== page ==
Inside San Francisco's First-Of-Its-Kind Shelter For Transgender Youth
Between the dozens of Victorian homes that line San Francisco's Haight district sits the only long-term transitional living program specifically designed for transgender youth in the state.
The program, which is run by Larkin Street Youth Services, opened quietly back in February.
"We did that fairly intentionally to slowly move the young people in," said program director Matthew Verscheure. "We're learning from them, because this hasn't been done anywhere else in the country that we're aware of. So we're learning with them as to what support in that community should look like."
The results of San Francisco's 2017 youth homeless count found that 10 percent of respondents identified as transgender.
According to the National Center for Transgender Equality, one in five transgender individuals has experienced homelessness in their lifetime. They also found that "social services and homeless shelters that work with this population often fail to culturally and appropriately serve transgender homeless people" by denying shelter based on gender identity, housing them in a gendered space they do not identify with or failing to address issues they're facing.
A recently proposed policy from the Department of Housing and Urban Development would allow federally funded shelters to more easily discriminate against transgender people.
Verscheure said the organization identified a need for the shelter after speaking with transgender youth about situations they face.
"For example, the restrooms may not be gender-neutral. So they're forced to choose. And oftentimes, if they're identifying as trans female, they may be forced to use the men's restroom," explained Verscheure. "So, in this environment, it creates a gender-neutral space with peers like themselves who are going through the same exploration that they are."
The shelter currently houses five transgender youth, aged 18-24, and officials are working on bringing in a sixth, which would put it at capacity. The program requires them to have 30 hours of productivity during the week.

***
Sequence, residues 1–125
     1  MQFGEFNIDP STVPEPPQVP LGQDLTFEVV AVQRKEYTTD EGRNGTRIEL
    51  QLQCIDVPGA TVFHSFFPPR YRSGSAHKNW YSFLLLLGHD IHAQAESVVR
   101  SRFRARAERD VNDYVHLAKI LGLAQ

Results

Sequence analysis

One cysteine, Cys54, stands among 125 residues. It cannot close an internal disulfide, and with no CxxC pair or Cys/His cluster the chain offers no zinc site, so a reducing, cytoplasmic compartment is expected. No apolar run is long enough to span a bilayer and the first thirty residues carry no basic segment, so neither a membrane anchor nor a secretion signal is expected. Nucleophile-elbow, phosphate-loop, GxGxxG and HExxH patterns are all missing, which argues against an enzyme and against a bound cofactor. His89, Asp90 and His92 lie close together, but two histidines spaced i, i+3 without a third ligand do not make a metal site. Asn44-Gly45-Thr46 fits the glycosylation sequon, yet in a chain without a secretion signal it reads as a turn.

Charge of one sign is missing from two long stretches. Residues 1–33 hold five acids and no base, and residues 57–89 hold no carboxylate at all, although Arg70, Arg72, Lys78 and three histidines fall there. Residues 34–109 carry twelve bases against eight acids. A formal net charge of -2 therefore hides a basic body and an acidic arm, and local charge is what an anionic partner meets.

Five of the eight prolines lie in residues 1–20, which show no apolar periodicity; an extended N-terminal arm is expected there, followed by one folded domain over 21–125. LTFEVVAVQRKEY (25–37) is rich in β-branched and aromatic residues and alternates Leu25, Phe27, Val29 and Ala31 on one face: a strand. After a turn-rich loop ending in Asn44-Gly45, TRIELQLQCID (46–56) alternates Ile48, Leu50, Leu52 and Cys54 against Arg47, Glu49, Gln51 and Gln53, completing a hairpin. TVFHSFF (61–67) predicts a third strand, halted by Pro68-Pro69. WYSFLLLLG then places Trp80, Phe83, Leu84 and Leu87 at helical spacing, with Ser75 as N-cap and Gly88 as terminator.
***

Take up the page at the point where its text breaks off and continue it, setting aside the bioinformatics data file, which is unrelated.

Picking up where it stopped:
"We don't want them languishing in their rooms. We want them doing work, school, maybe both. And if there are barriers to work or school, we want them to volunteer or participate in some form of productivity so they're out of the house," said Christopher Rodriguez, who's the director at the house.
If they do have income, the program reserves 30 percent of it — mirroring rental costs — and places it into a savings account.
"Our program is a two-year program," explained Rodriguez. "So hopefully, over two years, they save up enough money to get a [rental] deposit for their successful independent living."
'What if I'm trans?'
Bobby, who's been living at the shelter since it opened, said she's pretty fearless, social and never had trouble fitting in.
"And then one day I remember thinking, 'What if I'm trans?' My chest felt so heavy."
Growing up in a family of 12, Bobby said her parents were mostly absent, and when they were around they were under the influence.
"There was so much shit going on in my household," said Bobby. "Who I was sleeping with was everyone's last concern."
Bobby was a troubled kid. She dropped out of high school, started selling drugs and eventually ended up in jail. That's where she came out publicly for the first time.
"I remember getting beaten up for it. And then, after that, it was like, 'Well... I just dealt with this in jail. Who cares now?'" said Bobby. "I feel like there's no harsher experience for coming out."
After getting out, Bobby eventually moved to San Francisco. And then, after a night out with friends, Bobby got into a fight and ended up back in jail.
During intake, she told the guards she was trans. But this time something different happened. She was put into a pod with other trans women.
"I was thinking, 'I'm here. I'm with them, and this is my family.'"
From NZ to CA
For Jesse, her issues with housing began in part after getting evicted while attending college in New Zealand. She was about to graduate, meaning her student loan funding was about to end, so she bought a plane ticket to Los Angeles.
"It was really lonely and really expensive and I really didn't like it," said Jesse, so she caught a bus to San Francisco. "I was sleeping on the streets for a while, sleeping in hostels, staying at a couple of shelters."
She got into organizing and started trying to find a more permanent living situation in the Bay Area.
"I was experiencing a lot of transphobia and anti-Semitism," said Jesse. "So I was like, 'This fucking sucks. I don't know what to do.' Then I heard about a trans housing opportunity that was opening."
While Jesse is critical of some of the organizational and structural operations of the Larkin Street shelter — including the relatively low pay for case workers — she said she's happy to be there.
"It's nice being surrounded by other queer people that aren't involved in taking advantage of your identity," explained Jesse. "And it's nice to be hanging out with people that are similar in some way. I think it's a good experience, and I think it's really heartwarming."
That's the idea of the shelter. To give transgender youth a place where they can relax, create community and start building a new life for themselves.